Spring is officially in the air (in some places more than others) and, man, am I ready for it. I’ve slowly been coming around to winter over the years, but there comes a point when you’re ready for fresh air, open windows, short sleeves and leaves on the trees again, y’know? And even though it’s raining and snowing right now in my neck of the woods, I can still get those springy, fresh vibes from some of my favorite rejuvenating novels. There’s nothing really about them that makes them specifically spring-like, but all of them make me energized and happy, and what else is springtime for?
The Ordinary Princess – M. M. Kaye
“Along with Wit, Charm, Health, and Courage, Princess Amy of Phantasmorania receives a special fairy christening gift: Ordinariness. Unlike her six beautiful sisters, she has brown hair and freckles, and would rather have adventures than play the harp, embroider tapestries . . . or become a Queen. When her royal parents try to marry her off, Amy runs away and, because she’s so ordinary, easily becomes the fourteenth assistant kitchen maid at a neighboring palace. And there . . . much to everyone’s surprise . . . she meets a prince just as ordinary (and special) as she is!”
This is a short, easy, delightful read. It’s a middle grade book but if you enjoy cute, straightforward, fairy tale stories, you’ll enjoy this. It’s sure to soothe away the harshness of winter!
The Goose Girl – Shannon Hale
“Anidora-Kiladra Talianna Isilee, Crown Princess of Kildenree spent the first years of her life listening to her aunt’s incredible stories, and learning the language of the birds. Little knowing how valuable her aunt’s strange knowledge would prove to be when she grew older. From the Grimm’s fairy tale of the princess who became a goose girl before she could become a queen, Shannon Hale has woven an incredible, original and magical tale of a girl who must understand her own incredible talents before she can overcome those who wish her harm.”
Maybe there’s just something about fairy tales that lift my spirits? I’m not sure, but pretty much anything Shannon Hale writes will do the trick. I chose The Goose Girl for this post even though it’s not my favorite of Hale’s novels (that honor goes to Princess Academy) because there’s something distinctly nature-loving threaded throughout this story. Perfect light, fresh read for the early thawing months.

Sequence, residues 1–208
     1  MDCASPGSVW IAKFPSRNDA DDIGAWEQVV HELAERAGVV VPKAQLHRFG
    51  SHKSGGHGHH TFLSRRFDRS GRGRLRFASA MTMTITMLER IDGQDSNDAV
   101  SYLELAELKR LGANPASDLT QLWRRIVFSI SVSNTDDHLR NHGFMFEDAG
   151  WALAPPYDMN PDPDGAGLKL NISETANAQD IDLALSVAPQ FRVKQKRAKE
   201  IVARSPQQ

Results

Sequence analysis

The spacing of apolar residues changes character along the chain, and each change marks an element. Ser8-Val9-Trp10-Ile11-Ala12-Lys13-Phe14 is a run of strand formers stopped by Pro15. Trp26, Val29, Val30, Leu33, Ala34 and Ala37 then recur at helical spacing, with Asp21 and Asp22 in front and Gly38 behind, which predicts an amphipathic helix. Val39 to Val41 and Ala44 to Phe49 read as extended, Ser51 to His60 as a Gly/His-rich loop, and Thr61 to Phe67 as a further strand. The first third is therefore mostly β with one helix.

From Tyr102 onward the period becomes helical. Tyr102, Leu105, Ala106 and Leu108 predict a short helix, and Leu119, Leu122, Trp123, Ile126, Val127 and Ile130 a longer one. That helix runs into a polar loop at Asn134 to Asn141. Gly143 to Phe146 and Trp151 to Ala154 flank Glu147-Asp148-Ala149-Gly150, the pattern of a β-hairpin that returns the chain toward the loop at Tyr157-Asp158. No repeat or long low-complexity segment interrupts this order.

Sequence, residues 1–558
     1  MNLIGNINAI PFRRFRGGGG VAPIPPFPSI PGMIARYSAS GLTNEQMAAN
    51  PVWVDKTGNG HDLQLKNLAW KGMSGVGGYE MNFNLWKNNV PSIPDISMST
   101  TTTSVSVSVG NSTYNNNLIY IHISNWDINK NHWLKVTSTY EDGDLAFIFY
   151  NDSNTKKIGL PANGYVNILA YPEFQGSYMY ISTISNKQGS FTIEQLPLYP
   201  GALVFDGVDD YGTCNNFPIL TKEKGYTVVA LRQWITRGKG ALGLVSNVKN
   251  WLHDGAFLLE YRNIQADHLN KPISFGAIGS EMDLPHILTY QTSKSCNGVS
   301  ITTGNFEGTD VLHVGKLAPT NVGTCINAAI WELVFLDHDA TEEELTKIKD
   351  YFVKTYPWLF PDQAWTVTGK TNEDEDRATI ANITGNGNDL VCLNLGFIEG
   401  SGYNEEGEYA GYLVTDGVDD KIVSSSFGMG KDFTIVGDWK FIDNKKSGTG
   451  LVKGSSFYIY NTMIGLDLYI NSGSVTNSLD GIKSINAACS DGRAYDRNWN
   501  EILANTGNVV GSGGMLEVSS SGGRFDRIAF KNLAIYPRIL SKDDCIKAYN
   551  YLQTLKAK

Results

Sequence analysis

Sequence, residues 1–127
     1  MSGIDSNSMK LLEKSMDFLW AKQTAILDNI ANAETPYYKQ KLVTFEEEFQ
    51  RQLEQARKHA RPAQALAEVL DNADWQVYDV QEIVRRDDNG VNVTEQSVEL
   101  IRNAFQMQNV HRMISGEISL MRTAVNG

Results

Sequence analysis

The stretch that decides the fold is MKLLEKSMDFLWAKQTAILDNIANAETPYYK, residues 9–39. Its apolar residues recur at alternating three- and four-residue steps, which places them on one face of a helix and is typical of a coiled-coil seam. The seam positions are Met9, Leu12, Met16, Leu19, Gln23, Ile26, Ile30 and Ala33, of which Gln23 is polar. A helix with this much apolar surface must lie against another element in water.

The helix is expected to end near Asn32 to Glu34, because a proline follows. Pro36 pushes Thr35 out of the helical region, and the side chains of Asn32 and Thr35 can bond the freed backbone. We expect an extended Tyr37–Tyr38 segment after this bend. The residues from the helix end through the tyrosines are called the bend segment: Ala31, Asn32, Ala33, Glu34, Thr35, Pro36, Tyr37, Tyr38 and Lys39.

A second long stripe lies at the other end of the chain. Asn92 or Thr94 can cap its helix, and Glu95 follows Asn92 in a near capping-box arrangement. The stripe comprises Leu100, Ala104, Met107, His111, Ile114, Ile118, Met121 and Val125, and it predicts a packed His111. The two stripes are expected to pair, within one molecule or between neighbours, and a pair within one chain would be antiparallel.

The Blue Castle – L. M. Montgomery
“Valancy lives a drab life with her overbearing mother and prying aunt. Then a shocking diagnosis from Dr. Trent prompts her to make a fresh start. For the first time, she does and says exactly what she feels. As she expands her limited horizons, Valancy undergoes a transformation, discovering a new world of love and happiness. One of Lucy Maud Montgomery’s only novels intended for an adult audience, The Blue Castle is filled with humour and romance.”
This one’s definitely on the more adult/serious side of things, but is so sweet and inspiring that it’s got to be on the list. I love Valancy’s independence and the way she takes control of her life when she has nothing left to lose. This novel is a perfect way to step into a fresh season and reevaluate. Charming as heck.
Anne of Green Gables – L. M. Montgomery
“Everyone’s favorite redhead, the spunky Anne Shirley, begins her adventures at Green Gables, a farm outside Avonlea, Prince Edward Island. When the freckled girl realizes that the elderly Cuthberts wanted to adopt a boy instead, she begins to try to win them and, consequently, the reader, over.”
I came to this story as an adult—and I am so sad I didn’t grow up with Anne Shirley, because she would have changed my life. Luckily, I have this story now, and she’s changing my life anyway. I’m not sure any book could be better for spring when you’re given the chance to see this beautiful world through Anne’s eyes. Her descriptions of Green Gables make me want to move there immediately. I love this book.
Honorable Mention: The Secret Garden – Frances Hodgson Burnett
“Ten-year-old orphan Mary Lennox comes to live in a lonely house on the Yorkshire moors and discovers an invalid cousin and the mysteries of a locked garden.”
This one is an honorable mention only because I haven’t actually read it before. But I’d like to read it this spring, because if it’s anything like the movie it’ll get me right in the season-change mood with all the gardeny, earthy, mysterious and beautiful feelings evoked in its pages. What could be more perfect for spring than a book about a garden coming back to life?
Got any favorite books for springtime? Let me know! And hopefully wherever you are there’s a little more sunshine and warm weather. Maybe we can will it upon ourselves with a bit of spring reading, hm?